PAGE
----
Cigarette smoking is a known risk factor for bladder cancer. Smokers have been reported to have greater ERCC2-Signature mutations and APOBEC-Signature 13 mutations when compared to non-smokers in a TCGA based study (PMID: 33849962). Our objective was to assess the frequency of targetable genomic alterations in smokers (current or past) vs never smokers patients (pts) with locally advanced or metastatic urothelial carcinoma (mUC).
In this IRB approved retrospective study, smokers vs non-smokers pts with mUC undergoing tumor comprehensive genomic profiling (CGP) from CLIA-certified laboratory were included. Genes with alterations (GA) in < 5% pts and variants of unknown significance were excluded from the analysis. A chi square test was used to compare gene frequency aberration and the analysis was adjusted for false discovery using Benjamini-Hochberg (BH) correction. The median number of genomic aberrations per pt was compared using Wilcoxon rank-sum test.
137 pts were eligible and included. Smokers (n=70) and non-smokers (n=67): median age, 67 vs 68 years; male vs female: 55/15 vs 42/25. The genomic aberrations enriched in smokers and non-smokers are shown in the table. The most common GA observed in smokers were TERT, TP53, CDKN2B, RB1 and KDM6A; and non-smokers were TERT, TP53, CDKN2B, PIK3CA and RB1 (Table). Tumor mutation burden and the frequency of genomic aberrations per pt were similar in both groups.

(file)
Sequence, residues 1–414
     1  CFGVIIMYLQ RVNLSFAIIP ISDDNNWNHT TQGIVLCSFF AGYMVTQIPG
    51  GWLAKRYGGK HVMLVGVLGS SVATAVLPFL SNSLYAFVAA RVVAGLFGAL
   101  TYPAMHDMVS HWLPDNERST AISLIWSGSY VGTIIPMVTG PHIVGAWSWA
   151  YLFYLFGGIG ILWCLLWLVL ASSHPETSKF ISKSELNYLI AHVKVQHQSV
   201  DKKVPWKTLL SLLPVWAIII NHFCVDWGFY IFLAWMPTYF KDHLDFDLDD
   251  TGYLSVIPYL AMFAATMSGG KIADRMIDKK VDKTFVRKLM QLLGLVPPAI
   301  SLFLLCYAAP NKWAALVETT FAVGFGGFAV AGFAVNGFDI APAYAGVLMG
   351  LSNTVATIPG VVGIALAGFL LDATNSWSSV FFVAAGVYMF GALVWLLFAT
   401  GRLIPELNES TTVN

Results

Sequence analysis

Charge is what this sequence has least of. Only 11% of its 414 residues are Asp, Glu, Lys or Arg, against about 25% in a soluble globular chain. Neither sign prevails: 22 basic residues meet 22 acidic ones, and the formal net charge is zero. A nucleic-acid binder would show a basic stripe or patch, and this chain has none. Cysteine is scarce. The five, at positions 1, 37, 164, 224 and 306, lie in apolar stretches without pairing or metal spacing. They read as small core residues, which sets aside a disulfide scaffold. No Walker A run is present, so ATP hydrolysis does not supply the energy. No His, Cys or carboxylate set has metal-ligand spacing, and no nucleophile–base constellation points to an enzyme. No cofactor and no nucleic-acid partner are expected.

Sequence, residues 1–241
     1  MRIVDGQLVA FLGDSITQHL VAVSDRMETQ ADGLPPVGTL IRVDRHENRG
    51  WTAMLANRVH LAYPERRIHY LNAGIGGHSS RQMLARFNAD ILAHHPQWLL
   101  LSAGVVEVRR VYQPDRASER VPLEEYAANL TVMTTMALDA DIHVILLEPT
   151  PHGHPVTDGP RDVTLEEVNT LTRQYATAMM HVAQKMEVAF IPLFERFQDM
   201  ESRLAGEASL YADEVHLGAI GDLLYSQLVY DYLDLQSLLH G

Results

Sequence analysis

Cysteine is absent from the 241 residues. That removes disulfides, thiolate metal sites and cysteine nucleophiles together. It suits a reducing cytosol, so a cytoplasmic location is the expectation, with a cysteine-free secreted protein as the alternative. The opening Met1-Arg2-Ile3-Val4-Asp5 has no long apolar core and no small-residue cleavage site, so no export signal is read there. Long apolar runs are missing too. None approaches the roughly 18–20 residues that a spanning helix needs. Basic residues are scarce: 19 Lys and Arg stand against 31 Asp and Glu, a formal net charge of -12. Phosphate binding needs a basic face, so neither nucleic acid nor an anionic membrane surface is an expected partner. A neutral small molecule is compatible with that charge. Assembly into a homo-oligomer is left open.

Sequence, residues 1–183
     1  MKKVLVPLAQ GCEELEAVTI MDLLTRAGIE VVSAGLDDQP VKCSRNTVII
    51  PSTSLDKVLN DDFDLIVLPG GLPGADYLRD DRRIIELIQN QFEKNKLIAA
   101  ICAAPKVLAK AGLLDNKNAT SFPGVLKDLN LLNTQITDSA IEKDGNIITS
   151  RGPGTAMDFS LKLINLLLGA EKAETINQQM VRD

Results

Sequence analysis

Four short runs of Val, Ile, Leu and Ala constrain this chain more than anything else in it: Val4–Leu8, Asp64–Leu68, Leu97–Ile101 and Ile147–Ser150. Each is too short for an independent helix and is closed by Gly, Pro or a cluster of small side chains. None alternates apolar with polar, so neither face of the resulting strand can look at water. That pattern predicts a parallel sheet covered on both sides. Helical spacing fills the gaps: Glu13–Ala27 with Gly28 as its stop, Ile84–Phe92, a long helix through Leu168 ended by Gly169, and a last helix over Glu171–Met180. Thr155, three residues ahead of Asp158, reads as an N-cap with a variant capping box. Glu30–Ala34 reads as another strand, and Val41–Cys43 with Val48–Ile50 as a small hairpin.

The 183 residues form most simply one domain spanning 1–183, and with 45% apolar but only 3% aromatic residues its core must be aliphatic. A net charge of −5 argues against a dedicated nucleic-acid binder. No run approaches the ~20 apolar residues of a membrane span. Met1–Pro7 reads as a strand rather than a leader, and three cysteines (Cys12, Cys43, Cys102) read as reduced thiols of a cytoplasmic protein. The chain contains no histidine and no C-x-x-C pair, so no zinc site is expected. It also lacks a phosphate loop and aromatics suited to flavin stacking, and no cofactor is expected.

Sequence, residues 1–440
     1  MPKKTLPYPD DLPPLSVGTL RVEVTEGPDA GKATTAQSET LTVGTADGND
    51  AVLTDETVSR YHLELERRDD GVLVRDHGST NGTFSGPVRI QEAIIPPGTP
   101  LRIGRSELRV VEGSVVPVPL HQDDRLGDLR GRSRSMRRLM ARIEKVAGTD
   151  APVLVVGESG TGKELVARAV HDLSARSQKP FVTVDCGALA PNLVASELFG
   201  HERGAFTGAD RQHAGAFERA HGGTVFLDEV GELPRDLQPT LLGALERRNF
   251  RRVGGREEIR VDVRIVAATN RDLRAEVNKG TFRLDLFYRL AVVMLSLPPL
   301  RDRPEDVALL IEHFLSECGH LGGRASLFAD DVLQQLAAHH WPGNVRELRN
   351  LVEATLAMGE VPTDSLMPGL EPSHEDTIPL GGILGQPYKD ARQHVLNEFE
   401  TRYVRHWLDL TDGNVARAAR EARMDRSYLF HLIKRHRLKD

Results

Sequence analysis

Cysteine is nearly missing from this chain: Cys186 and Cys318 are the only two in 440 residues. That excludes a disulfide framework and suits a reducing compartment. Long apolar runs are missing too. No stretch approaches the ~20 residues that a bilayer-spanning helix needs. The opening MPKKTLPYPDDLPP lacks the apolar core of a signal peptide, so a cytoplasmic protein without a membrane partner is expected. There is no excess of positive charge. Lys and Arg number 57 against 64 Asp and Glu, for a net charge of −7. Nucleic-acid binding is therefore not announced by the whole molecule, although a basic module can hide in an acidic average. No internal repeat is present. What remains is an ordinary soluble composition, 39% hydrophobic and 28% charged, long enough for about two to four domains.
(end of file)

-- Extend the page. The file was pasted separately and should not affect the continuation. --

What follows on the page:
Herein, we independently validate the findings by Walasek, Almassi et. al. (abstract B20, AACR 2020) of no significant difference in the tumor GA between smokers vs non-smokers pts with advanced urothelial carcinoma, despite high prevalence of targetable genomic aberrations in both cohorts. Future directions should include the investigation of epigenomic changes and transcriptomic profiling to further elucidate the effect of smoking on bladder cancer.